What was the most challenging part of making the book?
The most challenging part of making the book was taking photographs of the sculptures. Why? Because the sculptures were divided up into four different traveling exhibits, and they were constantly moving around the country. I had to try to find a time when all the sculptures in the book were near to each other, so I could take pictures of them in one trip. I finally set the date to take the pictures, but by the time the day came to leave on my trip, Oregon was experiencing wildfires, protests, and a pandemic! Up until the moment I was standing in front of the tiger shark sculpture in the Oregon Zoo, I wasn’t sure I was going to be able to get the pictures I needed for the book. I do love adventure, and in the end, everything turned out great! I even got to share a special moment with the red pandas before the zoo opened to the public.
What do you hope readers will learn or discover from reading your book?
Angela Haseltine Pozzi is the founder of Washed Ashore. Her story began with a walk on the beach. She picked up what she thought was a bone and discovered that it was actually a piece of plastic. She started to notice more plastic on her beach, and she realized she needed to do something about it. Angela is an artist and an educator, so she used what she knew how to do best to solve the problem that was in front of her. She made art out of the plastic—sculptures so big and beautiful that people came from far away to see them. When people read my book, I hope they realize that small acts can create big change. We can use whatever it is that we like to do, even making art out of trash, to solve real problems.
Do you collect ocean plastic and make art out of it?
Angela likes to say that once she started making art out of ocean plastic, she couldn’t stop seeing plastic trash as free art supplies. I have to admit, every time I go to a river or the beach, I take a walk and look for plastic. It’s quite addictive. You never know what you’re going to find, but you always find something interesting. I don’t think I’ll ever pay for a soccer ball again. I find so many of them along the riverbank. My kids and I like to make a pile of the plastic we’ve collected and then make some sort of silly character out of bits and pieces. We take a picture with my phone, recycle what we can, and properly dispose of the rest so the plastic hopefully doesn’t end up back in the water.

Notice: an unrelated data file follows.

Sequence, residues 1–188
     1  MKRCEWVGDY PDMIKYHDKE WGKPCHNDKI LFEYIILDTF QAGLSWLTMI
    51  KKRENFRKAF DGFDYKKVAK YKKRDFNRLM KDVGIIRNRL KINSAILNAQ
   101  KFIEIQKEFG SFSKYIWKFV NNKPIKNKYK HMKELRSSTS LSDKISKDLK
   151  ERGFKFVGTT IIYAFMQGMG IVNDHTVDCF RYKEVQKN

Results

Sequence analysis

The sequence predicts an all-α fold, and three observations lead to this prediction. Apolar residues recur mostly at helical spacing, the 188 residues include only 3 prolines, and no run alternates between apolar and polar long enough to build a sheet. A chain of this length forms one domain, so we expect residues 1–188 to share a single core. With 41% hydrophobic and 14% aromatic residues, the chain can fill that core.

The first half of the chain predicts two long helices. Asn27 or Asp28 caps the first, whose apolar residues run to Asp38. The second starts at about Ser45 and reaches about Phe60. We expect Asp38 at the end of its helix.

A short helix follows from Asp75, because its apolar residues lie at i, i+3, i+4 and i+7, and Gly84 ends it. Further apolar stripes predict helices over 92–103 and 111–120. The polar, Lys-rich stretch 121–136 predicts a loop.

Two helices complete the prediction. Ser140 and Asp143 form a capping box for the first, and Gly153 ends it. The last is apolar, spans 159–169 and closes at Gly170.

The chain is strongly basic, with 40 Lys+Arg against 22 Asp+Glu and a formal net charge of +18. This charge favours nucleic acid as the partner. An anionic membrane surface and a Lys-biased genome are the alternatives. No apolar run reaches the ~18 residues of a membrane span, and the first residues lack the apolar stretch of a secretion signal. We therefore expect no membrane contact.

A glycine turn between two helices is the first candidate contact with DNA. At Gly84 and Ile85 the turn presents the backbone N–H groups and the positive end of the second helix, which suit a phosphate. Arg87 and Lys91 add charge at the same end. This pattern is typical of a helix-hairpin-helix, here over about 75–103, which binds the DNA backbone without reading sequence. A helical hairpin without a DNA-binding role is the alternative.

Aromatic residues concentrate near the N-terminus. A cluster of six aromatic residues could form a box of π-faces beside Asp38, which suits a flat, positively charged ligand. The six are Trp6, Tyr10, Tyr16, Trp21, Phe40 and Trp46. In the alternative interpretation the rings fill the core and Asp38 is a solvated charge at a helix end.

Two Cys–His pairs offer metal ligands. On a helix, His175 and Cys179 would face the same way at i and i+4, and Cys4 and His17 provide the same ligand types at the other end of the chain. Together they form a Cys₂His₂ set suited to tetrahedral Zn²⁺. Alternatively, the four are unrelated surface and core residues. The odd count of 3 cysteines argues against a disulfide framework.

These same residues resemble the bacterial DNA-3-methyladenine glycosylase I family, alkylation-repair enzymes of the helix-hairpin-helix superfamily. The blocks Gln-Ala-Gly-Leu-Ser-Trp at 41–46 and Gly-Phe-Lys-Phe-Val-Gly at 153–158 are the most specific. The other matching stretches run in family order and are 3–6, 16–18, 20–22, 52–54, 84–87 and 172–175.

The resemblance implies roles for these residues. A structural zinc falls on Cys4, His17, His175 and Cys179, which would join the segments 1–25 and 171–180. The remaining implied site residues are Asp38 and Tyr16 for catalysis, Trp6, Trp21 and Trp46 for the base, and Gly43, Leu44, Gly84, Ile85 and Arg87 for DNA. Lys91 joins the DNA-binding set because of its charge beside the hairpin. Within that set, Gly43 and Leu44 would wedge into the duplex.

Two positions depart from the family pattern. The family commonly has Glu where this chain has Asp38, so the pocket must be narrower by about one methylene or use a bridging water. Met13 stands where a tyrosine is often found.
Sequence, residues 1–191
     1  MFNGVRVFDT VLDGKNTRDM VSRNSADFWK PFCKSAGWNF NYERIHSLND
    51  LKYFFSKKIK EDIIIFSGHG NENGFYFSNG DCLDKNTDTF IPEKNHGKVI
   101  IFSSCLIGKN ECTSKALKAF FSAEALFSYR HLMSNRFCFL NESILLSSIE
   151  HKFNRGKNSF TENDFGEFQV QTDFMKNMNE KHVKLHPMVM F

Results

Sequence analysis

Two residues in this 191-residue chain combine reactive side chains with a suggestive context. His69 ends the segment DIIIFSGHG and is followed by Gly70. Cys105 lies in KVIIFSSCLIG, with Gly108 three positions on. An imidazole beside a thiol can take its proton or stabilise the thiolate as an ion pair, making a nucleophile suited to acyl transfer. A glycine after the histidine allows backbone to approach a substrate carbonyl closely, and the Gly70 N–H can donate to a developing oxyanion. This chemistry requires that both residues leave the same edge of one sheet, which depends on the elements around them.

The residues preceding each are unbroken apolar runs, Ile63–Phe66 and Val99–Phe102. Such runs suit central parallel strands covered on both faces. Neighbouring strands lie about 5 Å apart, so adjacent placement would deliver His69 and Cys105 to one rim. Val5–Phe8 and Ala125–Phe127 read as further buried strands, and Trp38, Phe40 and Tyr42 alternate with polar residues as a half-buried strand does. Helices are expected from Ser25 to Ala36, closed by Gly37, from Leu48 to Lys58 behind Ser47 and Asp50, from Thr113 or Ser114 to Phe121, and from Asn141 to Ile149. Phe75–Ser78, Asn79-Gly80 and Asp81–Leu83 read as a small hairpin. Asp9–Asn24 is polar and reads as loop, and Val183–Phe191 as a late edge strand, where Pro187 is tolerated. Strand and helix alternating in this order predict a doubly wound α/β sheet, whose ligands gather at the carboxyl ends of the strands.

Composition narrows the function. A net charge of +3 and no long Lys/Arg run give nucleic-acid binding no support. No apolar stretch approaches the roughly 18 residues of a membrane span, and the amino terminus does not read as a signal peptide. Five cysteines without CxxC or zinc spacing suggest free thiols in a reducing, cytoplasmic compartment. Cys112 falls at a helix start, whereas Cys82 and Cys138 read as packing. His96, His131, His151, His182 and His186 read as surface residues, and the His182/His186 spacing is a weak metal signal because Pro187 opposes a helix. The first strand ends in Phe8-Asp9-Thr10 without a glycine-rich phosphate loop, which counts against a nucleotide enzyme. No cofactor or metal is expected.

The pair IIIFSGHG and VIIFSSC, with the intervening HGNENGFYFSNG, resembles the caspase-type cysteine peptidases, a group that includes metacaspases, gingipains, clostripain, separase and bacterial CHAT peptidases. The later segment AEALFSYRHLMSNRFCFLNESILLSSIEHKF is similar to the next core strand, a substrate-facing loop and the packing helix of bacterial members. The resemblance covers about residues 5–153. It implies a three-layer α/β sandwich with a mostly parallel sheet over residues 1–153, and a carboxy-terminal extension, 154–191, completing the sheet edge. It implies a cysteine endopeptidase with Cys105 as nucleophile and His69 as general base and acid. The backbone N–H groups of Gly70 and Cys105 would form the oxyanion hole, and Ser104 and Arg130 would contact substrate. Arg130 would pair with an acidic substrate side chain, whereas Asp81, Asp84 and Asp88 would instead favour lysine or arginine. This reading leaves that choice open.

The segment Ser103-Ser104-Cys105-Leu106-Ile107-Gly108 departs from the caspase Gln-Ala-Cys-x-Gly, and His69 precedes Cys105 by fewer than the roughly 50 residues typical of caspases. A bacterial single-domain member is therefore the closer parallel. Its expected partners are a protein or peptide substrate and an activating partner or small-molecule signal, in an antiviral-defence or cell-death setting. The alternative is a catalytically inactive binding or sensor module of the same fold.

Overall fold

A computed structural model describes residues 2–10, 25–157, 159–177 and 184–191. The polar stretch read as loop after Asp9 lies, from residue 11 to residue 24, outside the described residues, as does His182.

Do you know of any kids that make art out of plastic?
Yes, I do! A girl named Ashlyn Nelson from Chesterfield, VA has made portraits from recycled plastic of NBA legend Kobe Bryant, Olympic gold medalist Simone Biles, and singer Aretha Franklin. Recently she teamed up with Angela to make a sculpture of a fish called a sturgeon. You can watch the whole story on the Kelly Clarkson show on YouTube (https://youtu.be/aFcCCB4oQr8).
If there was one thing we could do to keep plastic out of the ocean, what would it be?
Unfortunately, plastic is difficult to recycle right now. The best thing we can do is use less plastic. Pay attention to the plastic you use every day. Try to come up with creative ways to use other materials. If you can’t avoid using plastic, reuse it as many times as you can before throwing it away. And never lose hope that if we all work together we can solve the problem of plastic in the ocean.
The Washed Ashore Project offers numerous lesson plans and videos to inspire students. Find valuable links and more in this free teaching resource!
Praise for Washed Ashore
“An excellent work on an unusual topic and a must for school and library shelves.”—starred, Booklist
“A visually and factually compelling call to environmental action that will speak to children.”—School Library Journal
Author Kelly Crull’s Video Introduction
For more interviews with Lerner authors and illustrators, click here!